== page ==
You can also keep them in hard alkaline water, gotten straight from the tap. If you use this, ensure to add a little dechlorinator and aquarium salt. The additional salt will help them stay in better health and prevent fin clamping.
The water hardness should be between 120 – 160ppm. The tank should also have a filter to break down toxins before they enter the water so that the fish do not contract diseases from the external environment.
Tank Mates for Least Killifish
Under no circumstances should you keep Least Killifish with large or predatory species; except you want the Killifish to become a quick snack for the other aquatic animal.
However, they can safely share a fish tank with Pencilfish, Dwarf Corydoras, Otocinclus catfish, freshwater shrimp, Endler’s Livebearers, aquatic snails, Pygmy sunfish, Bluefin Killifish, and Swamp Darters. However, these fish generally prefer to be the sole masters of the tank if possible.
Because there are generally shy, Least Killifish will only begin to stay in open water when they feel comfortable and at ease. So, don’t feel alarmed if you see them huddling in corners of the tank, especially when newly introduced. They will take their time before mixing up with other species.
Even when fry is introduced, they tend to stay close to the floor of the fish tank, leaving the adults to stay at the top. Ideally, they prefer nano tank environments. When they share tanks with larger mates, they tend to hide for the most part of the day.
That’s more reason why you should ensure that the tank has underwater plants that can provide a natural shade for them. Some plant options are the Amazon Sword plant (Echinodorus grisebachii) and the Windelov Java ferns (Microsorum pteropus ‘windelov’). For best results, keep in a tank with just one plant species.
Best Breeding Practices for Least Killifish
Breeding comes easily for them as long as both genders are cultivated together in the right ratio. Ideally, the female population should be double the male population. Gestation periods last up to four weeks before they give birth to fry. They give birth continuously and not in broods.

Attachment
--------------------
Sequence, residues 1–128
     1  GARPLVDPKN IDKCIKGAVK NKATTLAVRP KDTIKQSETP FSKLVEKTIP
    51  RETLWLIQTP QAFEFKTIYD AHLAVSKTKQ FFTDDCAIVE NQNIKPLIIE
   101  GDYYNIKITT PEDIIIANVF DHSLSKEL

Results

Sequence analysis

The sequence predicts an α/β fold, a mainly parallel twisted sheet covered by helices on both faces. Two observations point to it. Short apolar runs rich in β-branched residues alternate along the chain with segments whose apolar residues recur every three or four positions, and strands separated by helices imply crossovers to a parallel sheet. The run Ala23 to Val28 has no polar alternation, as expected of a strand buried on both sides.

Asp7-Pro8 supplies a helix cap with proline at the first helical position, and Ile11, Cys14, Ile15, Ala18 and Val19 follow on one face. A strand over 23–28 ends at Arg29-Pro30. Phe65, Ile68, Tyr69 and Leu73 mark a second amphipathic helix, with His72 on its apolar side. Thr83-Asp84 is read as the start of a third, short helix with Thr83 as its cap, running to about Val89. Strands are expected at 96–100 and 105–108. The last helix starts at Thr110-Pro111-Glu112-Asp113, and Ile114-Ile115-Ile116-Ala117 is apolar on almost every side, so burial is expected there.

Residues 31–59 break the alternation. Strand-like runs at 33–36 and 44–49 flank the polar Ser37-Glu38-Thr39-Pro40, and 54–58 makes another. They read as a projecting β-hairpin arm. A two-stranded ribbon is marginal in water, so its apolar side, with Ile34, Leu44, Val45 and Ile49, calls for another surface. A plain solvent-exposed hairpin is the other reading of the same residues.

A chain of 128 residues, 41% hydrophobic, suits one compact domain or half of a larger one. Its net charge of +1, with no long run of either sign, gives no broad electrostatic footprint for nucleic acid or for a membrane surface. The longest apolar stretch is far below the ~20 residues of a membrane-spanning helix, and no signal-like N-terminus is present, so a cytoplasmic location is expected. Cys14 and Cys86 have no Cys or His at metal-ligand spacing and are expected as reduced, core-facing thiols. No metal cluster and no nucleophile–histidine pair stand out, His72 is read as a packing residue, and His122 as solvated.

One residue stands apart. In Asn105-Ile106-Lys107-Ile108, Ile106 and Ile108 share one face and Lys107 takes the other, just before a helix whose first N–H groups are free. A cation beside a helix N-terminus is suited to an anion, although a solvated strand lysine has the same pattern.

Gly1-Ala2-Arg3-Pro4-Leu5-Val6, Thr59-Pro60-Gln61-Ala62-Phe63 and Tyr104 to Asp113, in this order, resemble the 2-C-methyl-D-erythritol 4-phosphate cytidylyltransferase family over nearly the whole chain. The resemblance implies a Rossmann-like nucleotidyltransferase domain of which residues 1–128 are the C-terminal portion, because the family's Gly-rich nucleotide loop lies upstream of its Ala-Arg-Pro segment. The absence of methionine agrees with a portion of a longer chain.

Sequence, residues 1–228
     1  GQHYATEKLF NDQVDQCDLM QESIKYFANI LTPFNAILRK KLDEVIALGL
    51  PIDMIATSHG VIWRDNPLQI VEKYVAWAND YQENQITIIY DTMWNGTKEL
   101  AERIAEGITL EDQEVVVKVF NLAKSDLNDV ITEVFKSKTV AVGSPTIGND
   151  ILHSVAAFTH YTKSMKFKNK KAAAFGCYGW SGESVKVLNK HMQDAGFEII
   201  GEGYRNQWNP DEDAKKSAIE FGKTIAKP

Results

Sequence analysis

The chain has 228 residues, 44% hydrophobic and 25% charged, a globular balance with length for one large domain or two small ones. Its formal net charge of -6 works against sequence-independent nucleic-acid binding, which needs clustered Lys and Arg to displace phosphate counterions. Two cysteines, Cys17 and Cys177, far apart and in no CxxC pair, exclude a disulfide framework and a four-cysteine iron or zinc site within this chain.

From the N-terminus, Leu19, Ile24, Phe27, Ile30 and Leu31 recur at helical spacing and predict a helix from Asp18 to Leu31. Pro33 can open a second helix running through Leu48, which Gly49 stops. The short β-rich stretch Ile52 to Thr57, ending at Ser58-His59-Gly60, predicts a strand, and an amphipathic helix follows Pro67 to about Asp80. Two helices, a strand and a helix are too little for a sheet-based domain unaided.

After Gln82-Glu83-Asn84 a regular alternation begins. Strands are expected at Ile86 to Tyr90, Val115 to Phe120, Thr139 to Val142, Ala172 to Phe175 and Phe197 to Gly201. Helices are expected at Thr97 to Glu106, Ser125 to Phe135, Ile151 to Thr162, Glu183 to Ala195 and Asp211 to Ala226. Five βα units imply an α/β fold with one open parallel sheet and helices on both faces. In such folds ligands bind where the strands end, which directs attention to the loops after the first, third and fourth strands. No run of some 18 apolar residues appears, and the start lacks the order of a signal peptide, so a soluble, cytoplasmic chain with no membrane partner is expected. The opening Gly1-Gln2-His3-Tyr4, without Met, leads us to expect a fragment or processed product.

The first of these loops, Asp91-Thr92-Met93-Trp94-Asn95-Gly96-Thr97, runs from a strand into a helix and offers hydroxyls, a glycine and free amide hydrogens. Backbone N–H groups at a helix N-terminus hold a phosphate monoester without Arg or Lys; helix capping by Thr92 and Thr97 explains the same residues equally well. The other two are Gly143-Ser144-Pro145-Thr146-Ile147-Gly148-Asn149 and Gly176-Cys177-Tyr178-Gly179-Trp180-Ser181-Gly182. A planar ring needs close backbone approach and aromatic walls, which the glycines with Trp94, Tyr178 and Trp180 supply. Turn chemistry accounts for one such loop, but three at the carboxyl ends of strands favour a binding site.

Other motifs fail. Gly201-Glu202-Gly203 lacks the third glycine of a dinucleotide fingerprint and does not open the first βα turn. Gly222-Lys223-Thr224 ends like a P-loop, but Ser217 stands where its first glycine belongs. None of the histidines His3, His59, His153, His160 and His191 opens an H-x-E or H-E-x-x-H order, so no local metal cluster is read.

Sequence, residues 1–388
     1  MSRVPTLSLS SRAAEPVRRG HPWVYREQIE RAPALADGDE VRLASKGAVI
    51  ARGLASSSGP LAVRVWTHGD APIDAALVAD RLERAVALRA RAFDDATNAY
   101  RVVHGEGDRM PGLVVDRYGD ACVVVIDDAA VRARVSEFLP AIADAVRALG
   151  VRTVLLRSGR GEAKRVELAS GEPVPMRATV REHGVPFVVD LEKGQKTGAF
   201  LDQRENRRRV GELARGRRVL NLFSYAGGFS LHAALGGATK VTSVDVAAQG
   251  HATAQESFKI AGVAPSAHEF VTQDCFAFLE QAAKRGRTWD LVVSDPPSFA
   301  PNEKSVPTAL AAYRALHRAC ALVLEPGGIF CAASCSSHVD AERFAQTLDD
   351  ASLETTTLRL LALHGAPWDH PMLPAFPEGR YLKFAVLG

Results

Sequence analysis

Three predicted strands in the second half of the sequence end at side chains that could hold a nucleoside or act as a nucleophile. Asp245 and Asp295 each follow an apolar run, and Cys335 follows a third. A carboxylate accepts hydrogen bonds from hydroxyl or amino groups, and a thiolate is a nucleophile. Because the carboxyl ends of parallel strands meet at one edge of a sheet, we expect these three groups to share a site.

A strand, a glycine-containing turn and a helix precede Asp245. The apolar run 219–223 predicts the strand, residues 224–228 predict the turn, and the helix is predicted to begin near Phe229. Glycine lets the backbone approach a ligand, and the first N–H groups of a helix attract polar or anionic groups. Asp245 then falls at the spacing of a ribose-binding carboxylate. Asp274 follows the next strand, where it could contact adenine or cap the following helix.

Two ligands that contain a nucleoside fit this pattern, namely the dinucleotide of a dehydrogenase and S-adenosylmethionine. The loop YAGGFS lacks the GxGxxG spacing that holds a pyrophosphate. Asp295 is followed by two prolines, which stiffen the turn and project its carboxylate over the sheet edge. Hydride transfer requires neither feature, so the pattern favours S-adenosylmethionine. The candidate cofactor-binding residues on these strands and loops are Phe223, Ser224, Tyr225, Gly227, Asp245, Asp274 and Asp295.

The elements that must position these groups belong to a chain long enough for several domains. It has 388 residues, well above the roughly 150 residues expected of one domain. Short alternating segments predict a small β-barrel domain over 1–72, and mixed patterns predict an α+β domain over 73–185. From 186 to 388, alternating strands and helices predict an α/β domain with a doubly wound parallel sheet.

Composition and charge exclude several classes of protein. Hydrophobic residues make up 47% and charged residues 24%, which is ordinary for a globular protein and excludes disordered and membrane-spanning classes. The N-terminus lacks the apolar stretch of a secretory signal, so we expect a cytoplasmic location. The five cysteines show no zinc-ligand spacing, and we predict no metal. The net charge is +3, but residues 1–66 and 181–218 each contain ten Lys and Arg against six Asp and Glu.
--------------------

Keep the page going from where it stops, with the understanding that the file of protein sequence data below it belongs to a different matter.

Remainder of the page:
The females cannot carry many fries at the same time due to their small size. This is because they reproduce through a process known as ‘superfoetation’, that makes it possible for fry at different stages of development to be present at the same time in the uterus.
The females can give birth to as many as 40 fries within a 10 to 14-day period. To encourage this, the natural outdoor conditions of the fish should be maintained, especially when you’re keeping them in a tank.
If you have more than one female in the tank, you’ll get used to seeing new fry, every day or two in the tank. The tank should be well planted to provide shade and hiding place for the fries before they are ready to mix up with the adults.
Newly born Killifish are quite capable of taking care of themselves and learning the ropes. The adults also do not pose a threat to the young ones, so you don’t have to bother separating the young ones into a separate tank.
Tank Setup for Least Killifish
Least Killifish can survive in almost any water body since they are very hardy. To cultivate them in a tank, you have to ensure that the tank effectively simulates their natural conditions, in terms of water hardness, vegetation, temperature, and all other necessary factors. For tanks, the ‘MarineLand 5 Gallon Portrait Glass LED Aquarium’ is a great choice available on Amazon.